A week before Marrone quit, he sat down for Christmas Eve dinner with Bills president Russ Brandon. The conversation was casual, and Brandon assumed the two would be sharing a few more holiday meals.
Brandon is surprisingly effusive in his praise for Marrone. He says the Bills played hard for the coach despite a bizarre 2014 season fraught with challenges. In March, owner Ralph Wilson died. Then star linebacker Kiko Alonso tore his ACL, ending his season. Then a historic storm slammed Buffalo in November, dropping seven feet of snow and forcing the team to play a home game in Detroit.
"With all this going on, Doug stood at the face of adversity and led our franchise," Brandon said. "Everyone had an excellent relationship, and everyone was striving to turn the ship around."
So why would Marrone leave? "I can't answer that question," Brandon said. "That was his decision."
Marrone, for his part, says he was never unhappy. He scoffs at the reports that he stormed out of the war room during the 2014 draft when the Bills surrendered a first-round pick to select receiver Sammy Watkins. Marrone said he simply got up to tell his assistants, who were in another room, about the pick. He downplays the significance of a sideline argument last year between him and general manager Doug Whaley: Coaches and GMs don't always see eye to eye, he says.
One of Marrone's former assistants, Fred Pagac, believes Marrone decided to leave after he failed to win contract extensions for his staff. "He felt he was a lame-duck coach," Pagac said. "This is my opinion. I don't know really what he felt. He had that out clause in his contract, and he did it."
With a serious face, Marrone now says he has no regrets. Coaches are supposed to say these kinds of things, but Marrone is steadfast that it's true. "It's a decision I made for me and my family," he said. "It was the best decision for me."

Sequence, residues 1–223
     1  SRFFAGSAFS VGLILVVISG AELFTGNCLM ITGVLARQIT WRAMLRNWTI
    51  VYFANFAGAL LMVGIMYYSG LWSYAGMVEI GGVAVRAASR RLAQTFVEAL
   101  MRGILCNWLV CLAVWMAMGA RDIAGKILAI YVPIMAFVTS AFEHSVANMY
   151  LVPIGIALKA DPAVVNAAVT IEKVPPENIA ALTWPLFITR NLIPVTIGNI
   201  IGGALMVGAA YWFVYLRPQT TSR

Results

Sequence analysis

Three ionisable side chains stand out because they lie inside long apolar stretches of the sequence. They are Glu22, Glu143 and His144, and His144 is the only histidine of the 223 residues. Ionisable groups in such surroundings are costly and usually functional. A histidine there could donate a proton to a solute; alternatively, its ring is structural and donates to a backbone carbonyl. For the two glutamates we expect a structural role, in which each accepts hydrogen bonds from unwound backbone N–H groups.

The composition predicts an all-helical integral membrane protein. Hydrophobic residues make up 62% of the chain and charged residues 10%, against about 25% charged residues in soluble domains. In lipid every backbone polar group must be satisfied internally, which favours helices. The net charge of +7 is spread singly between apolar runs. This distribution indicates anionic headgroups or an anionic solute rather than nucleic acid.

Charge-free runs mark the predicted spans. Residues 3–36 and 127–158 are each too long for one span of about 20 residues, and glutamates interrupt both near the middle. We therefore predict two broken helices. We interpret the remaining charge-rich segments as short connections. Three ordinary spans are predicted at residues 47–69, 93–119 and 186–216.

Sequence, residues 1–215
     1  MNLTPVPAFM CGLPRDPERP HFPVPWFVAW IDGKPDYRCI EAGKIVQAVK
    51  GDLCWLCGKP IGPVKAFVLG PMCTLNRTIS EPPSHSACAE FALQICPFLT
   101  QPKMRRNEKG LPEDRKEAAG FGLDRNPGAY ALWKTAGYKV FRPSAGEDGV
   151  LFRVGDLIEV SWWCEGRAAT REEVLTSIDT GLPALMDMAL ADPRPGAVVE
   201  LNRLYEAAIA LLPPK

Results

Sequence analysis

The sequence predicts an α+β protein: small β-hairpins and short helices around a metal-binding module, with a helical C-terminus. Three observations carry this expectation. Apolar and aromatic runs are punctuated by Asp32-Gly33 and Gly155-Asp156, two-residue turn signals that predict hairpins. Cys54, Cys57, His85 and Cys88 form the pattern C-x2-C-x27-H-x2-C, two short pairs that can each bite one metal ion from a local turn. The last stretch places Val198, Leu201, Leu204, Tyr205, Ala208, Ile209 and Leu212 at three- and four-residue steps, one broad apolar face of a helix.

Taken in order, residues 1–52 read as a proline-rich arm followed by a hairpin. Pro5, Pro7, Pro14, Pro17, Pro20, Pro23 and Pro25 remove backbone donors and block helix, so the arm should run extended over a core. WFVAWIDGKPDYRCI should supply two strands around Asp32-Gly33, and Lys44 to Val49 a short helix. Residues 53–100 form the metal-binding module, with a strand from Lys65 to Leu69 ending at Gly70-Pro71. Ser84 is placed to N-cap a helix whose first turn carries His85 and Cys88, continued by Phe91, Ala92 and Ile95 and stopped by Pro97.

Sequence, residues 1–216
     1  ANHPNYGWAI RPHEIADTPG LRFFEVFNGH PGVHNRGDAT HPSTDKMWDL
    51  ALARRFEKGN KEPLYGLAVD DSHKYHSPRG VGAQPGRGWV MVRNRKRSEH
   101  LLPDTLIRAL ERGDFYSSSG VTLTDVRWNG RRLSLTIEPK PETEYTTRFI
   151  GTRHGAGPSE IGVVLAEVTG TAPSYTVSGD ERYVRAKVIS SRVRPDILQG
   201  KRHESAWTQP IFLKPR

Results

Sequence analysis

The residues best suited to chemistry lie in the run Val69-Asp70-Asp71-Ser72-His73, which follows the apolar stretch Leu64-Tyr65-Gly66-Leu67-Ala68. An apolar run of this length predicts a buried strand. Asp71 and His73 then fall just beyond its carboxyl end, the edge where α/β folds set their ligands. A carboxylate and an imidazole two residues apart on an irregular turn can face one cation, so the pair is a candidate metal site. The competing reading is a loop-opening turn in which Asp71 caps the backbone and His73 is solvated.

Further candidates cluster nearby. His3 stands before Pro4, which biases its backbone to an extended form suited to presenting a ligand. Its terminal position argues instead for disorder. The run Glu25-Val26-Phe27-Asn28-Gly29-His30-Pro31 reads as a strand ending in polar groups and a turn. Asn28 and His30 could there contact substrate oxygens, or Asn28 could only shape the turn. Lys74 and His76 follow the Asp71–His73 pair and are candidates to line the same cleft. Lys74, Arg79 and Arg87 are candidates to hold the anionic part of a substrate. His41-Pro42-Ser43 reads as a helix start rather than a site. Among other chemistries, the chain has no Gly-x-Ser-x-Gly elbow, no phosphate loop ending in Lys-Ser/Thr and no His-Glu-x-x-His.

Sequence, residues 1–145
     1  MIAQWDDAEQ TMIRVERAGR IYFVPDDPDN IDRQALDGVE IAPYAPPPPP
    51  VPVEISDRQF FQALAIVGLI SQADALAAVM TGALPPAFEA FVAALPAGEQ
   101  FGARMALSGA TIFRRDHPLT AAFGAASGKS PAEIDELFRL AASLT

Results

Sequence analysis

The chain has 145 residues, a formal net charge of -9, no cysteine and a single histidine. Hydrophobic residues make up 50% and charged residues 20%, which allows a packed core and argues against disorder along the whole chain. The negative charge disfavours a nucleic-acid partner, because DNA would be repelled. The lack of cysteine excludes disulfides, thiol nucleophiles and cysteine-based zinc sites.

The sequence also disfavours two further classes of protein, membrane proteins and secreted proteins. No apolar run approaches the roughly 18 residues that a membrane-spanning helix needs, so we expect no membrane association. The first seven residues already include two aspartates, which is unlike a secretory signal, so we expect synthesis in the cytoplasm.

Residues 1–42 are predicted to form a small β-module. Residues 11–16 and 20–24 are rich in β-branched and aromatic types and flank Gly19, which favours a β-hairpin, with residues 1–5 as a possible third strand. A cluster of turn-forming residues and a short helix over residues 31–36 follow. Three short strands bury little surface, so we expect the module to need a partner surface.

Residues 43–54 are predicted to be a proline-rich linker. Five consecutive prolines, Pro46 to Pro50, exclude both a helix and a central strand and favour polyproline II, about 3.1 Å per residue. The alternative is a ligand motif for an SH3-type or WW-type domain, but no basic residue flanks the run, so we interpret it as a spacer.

One of the hardest things Marrone had to do this past winter was listen to his kids as they cried at night. They couldn't understand why they had to leave their friends in Buffalo. Marrone figures they've been upset about moving before, but this is the first time he's been around to hear it. He is spending more time with them, trying to make up for all the years he was a head coach. Now he takes his kids fishing on a lake near the house he bought.
He could've sat out this year with his money. That would've been the prideful thing to do. But there he was in January, his ego battered from the rejections, talking to head coach Gus Bradley about football and culture.
The Jaguars' staff liked to bust his chops over the summer about his downsized office and about whether certain tasks might be beneath him. Marrone engaged in the banter. He appreciated the slower pace and being one of the guys.
"I don't know if Doug Marrone could ever take a year off," Bradley said. "He's so passionate about the game and passionate about being a part of the team. I think that's what drives him. He wants to be a part of something special."
One day, during a summer workout, Bradley watched Marrone with the players. He stopped him at the end to tell him he's a good teacher. Marrone was taken aback and maybe a little embarrassed. But Bradley went on. "I'm gonna tell you, you're really good, man," he said.
Marrone knows he might be putting his house on the market at some point. He wants to be a head coach again. "But it's obviously not something I'm actively going out and looking for," he said. "With my situation in Jacksonville, I feel it's a great opportunity that Gus and Dave and [owner] Shad [Khan] gave me. To work with this group of young linemen and be part of this offense ... I'm excited about that. But I think the head-coaching stuff was something I was good at."
The Jaguars' season is anything but special. They are 2-5 and miles away from preseason dreams of the team's first winning season since 2007. One of the few bright spots has been the steady improvement of Marrone's offensive line, which in the past was the weakest link on the team. They've made defensive stars Ndamukong Suh and J.J. Watt look mortal, and in September went an entire game without allowing a sack for the first time since 2013.
"His players like him," Jaguars center Stefen Wisniewski said. "He's a grinder. He always puts the work in. He's smart. We know we can trust him. When guys see that, they'll go to battle for a guy."
Here, Marrone doesn't have to score personality points. He's burrowed into his hole, coaching his linemen. He just needs success. He's no longer thinking about the players who bashed him after his departure. Underneath his big, rough exterior, the words cut through him. His friends would always encourage him to open up, a la Rex. Maybe if people knew him, they'd like him.
But in the end, Marrone is who he is.
When the interview is over, he promises that in 14 years, when he's 65, he'll meet over beers and spill it all about why he left Buffalo. He walks outside, to the palm trees and the friendly neighbors, and says goodbye. Here, far away from the New York heat, he hopes he's got them thinking:
"F---, this guy's not a bad guy."
ESPN staff writer Mike DiRocco contributed to this story.